Hypothyroidism and Pregnancy: Everything You Need to Know

What is hypothyroidism?

Hypothyroidism is a condition in which the thyroid gland does not produce enough thyroid hormones. The thyroid gland is a butterfly-shaped organ located in the front of your neck, wrapped around your windpipe. It is part of the endocrine system and is responsible for producing the necessary hormones to regulate the body's metabolism. These hormones control how the body uses and stores energy, and a lack of them can cause you to feel tired.

What causes hypothyroidism?

In about 95% of cases, hypothyroidism is due to a problem in the thyroid gland itself, known as primary hypothyroidism, most commonly due to Hashimoto's thyroiditis. It is an autoimmune disorder, in which the body's antibodies will mistakenly attack its own thyroid glands, resulting in hypothyroidism and significantly reduced hormone production.

What are the symptoms of hypothyroidism?

Symptoms of hypothyroidism vary widely. Some people have very mild symptoms, while others have severe symptoms. Some of the common symptoms include:

  • Fatigue
  • Weight gain
  • Constipation
  • Muscle cramps and weakness
  • Inability to tolerate cold temperatures
  • Slow heart rate
  • Dry and scaly skin
  • Loss of the outer part of eyebrows
  • Swelling around the neck, face or eyes
  • Hoarse voice
  • Sleep apnoea
  • Menstrual irregularities

How does hypothyroidism during pregnancy affect you and your baby?

Hypothyroidism can occur during pregnancy, and some of these symptoms are easily overlooked or attributed to the pregnancy itself. Hypothyroidism is known to increase the risk of miscarriage and is associated with other pregnancy complications, such as gestational hypertension, placental abruption, preterm delivery, and postpartum haemorrhage.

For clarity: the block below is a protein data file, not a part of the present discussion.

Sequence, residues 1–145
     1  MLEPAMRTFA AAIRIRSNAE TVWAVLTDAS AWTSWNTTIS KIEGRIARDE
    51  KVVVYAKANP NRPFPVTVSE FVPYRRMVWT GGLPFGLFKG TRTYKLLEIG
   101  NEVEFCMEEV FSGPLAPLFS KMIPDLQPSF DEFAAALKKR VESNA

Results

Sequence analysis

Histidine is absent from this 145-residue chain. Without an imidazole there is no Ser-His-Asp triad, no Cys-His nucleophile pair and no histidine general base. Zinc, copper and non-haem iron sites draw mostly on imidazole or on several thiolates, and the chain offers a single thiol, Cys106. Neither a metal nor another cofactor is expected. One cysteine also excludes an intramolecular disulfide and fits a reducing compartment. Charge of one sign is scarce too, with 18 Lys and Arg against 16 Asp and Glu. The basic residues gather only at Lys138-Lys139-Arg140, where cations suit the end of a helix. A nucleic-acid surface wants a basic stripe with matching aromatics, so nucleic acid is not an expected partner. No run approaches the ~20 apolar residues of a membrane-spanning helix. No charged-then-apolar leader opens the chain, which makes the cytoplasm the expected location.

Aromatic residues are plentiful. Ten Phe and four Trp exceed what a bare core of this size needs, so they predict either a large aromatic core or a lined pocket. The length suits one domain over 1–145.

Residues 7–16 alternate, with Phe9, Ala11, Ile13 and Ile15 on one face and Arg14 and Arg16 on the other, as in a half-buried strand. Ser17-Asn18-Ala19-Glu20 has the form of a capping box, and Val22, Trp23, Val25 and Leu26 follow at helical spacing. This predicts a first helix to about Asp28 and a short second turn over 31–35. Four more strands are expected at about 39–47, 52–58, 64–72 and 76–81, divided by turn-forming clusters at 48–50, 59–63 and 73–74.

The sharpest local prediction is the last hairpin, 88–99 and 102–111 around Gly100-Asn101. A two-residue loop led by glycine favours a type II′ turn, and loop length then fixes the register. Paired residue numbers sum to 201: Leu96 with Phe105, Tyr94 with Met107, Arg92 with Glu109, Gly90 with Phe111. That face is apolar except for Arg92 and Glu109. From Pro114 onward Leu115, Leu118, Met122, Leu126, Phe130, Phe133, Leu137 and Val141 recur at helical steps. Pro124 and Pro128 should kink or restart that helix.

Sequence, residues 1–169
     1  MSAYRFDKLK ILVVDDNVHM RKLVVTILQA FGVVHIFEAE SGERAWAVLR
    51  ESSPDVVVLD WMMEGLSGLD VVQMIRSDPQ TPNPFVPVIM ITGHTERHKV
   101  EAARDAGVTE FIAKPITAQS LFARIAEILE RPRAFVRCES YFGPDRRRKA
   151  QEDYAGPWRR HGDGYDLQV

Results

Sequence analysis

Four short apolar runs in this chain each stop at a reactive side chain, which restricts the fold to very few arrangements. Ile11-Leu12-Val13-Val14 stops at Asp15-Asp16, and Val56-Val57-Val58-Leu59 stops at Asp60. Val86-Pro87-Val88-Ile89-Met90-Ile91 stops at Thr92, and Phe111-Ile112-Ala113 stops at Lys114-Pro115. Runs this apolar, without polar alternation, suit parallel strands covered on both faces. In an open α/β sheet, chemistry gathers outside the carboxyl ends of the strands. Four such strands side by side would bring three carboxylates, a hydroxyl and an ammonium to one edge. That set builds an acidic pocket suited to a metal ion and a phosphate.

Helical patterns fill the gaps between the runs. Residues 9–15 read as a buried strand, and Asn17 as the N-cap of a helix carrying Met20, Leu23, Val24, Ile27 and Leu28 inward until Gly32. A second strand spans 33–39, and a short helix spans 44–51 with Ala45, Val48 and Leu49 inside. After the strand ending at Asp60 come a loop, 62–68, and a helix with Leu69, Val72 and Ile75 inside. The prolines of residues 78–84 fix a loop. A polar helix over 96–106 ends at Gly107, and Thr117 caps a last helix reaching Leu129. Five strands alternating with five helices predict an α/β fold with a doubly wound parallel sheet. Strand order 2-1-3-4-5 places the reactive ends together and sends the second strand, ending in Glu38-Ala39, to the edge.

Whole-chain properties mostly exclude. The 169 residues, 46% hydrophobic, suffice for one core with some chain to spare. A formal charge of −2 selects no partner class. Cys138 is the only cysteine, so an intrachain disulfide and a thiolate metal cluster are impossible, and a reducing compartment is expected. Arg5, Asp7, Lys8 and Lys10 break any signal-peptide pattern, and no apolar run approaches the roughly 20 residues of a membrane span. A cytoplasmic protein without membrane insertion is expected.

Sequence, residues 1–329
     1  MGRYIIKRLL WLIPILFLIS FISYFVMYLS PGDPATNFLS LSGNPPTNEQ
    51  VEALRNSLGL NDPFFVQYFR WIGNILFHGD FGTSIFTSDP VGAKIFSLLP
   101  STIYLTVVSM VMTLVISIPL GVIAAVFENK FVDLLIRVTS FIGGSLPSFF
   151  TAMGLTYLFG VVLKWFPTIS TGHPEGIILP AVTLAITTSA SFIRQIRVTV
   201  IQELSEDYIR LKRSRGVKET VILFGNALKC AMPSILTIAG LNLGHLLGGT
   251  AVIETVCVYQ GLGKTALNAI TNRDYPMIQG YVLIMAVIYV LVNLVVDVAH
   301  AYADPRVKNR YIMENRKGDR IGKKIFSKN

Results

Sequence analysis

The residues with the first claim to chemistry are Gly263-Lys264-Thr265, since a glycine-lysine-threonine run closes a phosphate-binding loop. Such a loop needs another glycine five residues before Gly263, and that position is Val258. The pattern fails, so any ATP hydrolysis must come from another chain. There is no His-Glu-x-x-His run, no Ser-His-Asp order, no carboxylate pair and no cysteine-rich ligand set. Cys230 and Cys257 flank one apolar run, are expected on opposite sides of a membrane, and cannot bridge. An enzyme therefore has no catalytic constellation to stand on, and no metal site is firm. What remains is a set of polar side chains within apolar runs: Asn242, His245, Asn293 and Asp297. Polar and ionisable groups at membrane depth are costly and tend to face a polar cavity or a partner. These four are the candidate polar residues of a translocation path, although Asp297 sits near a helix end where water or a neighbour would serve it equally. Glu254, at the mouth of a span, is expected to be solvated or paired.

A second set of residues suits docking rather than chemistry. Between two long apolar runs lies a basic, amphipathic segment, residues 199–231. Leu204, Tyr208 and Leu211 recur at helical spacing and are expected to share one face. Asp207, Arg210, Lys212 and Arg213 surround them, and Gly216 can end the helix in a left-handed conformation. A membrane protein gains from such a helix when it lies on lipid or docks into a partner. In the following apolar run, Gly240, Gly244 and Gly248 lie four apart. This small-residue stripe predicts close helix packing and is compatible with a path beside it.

Not only does hypothyroidism affect your body, it can also cause significant damage and long-term complications to your baby, such as abnormal heart rates and low birth weight. Thyroid hormones are essential for your baby's brain development as your baby initially relies on your thyroid hormones, as their own thyroid glands do not function until after the third month of pregnancy.

If your hypothyroidism is not treated, there is a chance that the baby will be born with congenital hypothyroidism, leading to severe developmental, cognitive and neurological abnormalities. In severe hypothyroidism, the baby's brain development is also affected, and intellectual abnormalities and developmental delays may occur.

Although hypothyroidism cannot be prevented, complications can still be controlled and alleviated by getting diagnosed early during your pregnancy and getting treated by a doctor. Therefore, it is best to identify possible symptoms of hypothyroidism as early as possible and consult a doctor.

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